In the 2017-18 oil year (November-October), edible oil imports were a little over 15 million tonnes. The Solvent Extractors Association of India says that edible oil imports have increased 27 per cent in the last five years.
India is already reporting that it might have to import a good quantity of maize in view of a lower production this crop year (July 2018-June 2019). User industries are asking the Centre to allow them to import at a lower customs duty, if not at zero duty.
Other crops that could see their prospects being hit are sugarcane and cotton. Sugar production is estimated lower at 30.7 million tonnes (mt) this season against 31.5 mt last season. Despite this, production is expected to be at least 5 mt higher than the demand, thus keeping the prices depressed. A carryover stock of over 11 mt, which can meet nearly five months’ demand in the country, will also put a leash on the prices.
Globally, signs of economic growth are not healthy. China has cut its economic growth target, and growth in the United States slowed down last month.
Prospects for rise in prices of agricultural commodities are bleak. This is because warehouses are bulging with stocks, while weather for production has been good across the globe. El Nino will actually help nations in the Pacific with bountiful rainfall.
Production glut on top of all these aren’t something farmers can look forward to, particularly when harsh weather is on the anvil. They simply cannot afford poor remuneration on top of a fall in production.
On the other hand, prices of oilseeds, particularly, might rise if crude prices spike. Vegetable oils are seen as an alternative to fossil fuels, especially when crude oil prices flare up.
For India, there is an additional concern in view of the European Union proposing to curb use of palm group of oils in production of biodiesel. This could result in prices of palm group of oils being lower and flooding the Indian market. Flooding of imports could affect oilseed farmers getting better prices.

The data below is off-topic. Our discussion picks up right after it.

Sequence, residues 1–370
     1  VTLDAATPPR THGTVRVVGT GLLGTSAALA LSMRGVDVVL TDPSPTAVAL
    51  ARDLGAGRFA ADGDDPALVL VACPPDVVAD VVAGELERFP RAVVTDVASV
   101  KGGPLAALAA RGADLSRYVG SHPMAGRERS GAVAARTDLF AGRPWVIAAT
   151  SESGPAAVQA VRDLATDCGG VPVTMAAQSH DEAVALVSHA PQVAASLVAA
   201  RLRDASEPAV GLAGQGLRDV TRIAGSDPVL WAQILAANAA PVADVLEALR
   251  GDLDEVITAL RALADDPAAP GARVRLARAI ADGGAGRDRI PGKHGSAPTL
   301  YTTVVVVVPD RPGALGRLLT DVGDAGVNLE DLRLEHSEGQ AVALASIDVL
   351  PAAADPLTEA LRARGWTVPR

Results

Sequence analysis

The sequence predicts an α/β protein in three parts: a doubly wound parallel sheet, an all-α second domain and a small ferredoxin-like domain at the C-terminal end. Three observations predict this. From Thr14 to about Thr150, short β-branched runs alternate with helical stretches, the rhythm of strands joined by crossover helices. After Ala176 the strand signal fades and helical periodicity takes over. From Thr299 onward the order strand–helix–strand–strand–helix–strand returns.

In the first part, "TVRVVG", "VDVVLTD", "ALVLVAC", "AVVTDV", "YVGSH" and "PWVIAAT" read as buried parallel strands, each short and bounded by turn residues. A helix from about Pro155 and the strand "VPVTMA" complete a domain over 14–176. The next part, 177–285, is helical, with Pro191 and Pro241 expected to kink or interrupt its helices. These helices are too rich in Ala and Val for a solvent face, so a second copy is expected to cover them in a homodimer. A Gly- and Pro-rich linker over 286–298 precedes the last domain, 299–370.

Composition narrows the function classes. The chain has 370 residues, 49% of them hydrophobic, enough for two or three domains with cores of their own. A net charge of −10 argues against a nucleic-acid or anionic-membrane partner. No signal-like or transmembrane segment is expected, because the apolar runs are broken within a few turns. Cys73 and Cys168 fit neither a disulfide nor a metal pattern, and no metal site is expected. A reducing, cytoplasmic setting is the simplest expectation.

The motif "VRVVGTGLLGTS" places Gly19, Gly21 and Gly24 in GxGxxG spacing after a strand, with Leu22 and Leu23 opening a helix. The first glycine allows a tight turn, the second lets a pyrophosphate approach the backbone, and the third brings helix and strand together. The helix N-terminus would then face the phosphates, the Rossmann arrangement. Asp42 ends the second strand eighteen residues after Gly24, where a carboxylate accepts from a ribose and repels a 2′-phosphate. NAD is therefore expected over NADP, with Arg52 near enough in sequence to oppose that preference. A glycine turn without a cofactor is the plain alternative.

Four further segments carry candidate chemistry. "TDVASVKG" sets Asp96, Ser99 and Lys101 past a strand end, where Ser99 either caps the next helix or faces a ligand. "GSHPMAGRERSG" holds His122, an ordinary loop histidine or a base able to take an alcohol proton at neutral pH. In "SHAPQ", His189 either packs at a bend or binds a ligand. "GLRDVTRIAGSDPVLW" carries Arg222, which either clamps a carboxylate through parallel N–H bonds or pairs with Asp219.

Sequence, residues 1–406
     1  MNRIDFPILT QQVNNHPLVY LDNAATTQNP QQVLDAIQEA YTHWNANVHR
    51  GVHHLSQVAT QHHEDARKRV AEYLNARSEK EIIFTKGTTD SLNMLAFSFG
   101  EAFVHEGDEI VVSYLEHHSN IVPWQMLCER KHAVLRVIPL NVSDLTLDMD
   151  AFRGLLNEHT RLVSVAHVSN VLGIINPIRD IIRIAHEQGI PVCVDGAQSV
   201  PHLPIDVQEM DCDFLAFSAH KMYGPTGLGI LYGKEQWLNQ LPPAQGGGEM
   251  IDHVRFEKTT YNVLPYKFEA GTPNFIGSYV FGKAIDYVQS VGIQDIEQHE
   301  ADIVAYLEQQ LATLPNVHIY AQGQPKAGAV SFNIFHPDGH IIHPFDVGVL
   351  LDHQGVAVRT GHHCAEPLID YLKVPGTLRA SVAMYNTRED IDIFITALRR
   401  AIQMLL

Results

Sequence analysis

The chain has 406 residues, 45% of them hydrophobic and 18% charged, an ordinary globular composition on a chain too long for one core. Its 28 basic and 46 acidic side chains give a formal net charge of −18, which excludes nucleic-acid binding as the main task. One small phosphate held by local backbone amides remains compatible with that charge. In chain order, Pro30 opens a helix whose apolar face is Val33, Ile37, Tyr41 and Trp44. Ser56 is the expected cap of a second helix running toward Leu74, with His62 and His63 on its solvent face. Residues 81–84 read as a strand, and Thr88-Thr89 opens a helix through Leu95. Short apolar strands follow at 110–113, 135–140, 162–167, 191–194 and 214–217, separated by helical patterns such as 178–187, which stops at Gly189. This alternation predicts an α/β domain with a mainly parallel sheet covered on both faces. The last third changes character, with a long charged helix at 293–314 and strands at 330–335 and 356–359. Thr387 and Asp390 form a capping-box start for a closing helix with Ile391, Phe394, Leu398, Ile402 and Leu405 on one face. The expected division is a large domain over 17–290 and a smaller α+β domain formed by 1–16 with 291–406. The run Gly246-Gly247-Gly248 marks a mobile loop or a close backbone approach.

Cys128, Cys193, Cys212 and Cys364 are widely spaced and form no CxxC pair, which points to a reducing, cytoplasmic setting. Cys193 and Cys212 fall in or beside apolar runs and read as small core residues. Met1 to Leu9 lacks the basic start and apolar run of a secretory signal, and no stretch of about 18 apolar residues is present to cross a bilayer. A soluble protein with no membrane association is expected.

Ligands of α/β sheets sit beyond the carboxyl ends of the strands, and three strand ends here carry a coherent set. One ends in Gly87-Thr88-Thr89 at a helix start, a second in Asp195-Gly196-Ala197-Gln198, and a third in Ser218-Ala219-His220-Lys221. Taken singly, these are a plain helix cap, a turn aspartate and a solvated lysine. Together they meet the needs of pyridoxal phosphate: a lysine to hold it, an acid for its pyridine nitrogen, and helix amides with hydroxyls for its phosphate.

This leaves the new government that will be in place by 1 June, when the south-west monsoon usually sets in, with no option but to spring into action right away.
Apart from coming up with a higher minimum support price, the government will have to take all precautionary measures to face any drought or effects of lower rainfall. It will have to ensure that farmers get remunerative prices for their produce.
Over the last couple of years, growth in agricultural gross domestic product has been lower than 3 per cent. This is mainly in view of huge stocks and production glut in the global market, leading to prices for agricultural produce being depressed.
Weather insurance for farmers, which the Congress alleges has not been up to expectations, has to result in quick and prompt payment for the losses.
The other issue is that IMD should begin forecasting these weather problems well in advance like the ABM’s alert. IMD is good in short-term weather forecasts but it is time for India, which now boasts of various capabilities including shooting down enemy satellites in space, to improve its long-term weather prediction abilities.
El Nino should be seen as an opportunity rather than a challenge to rectify the current drawbacks in the Indian system.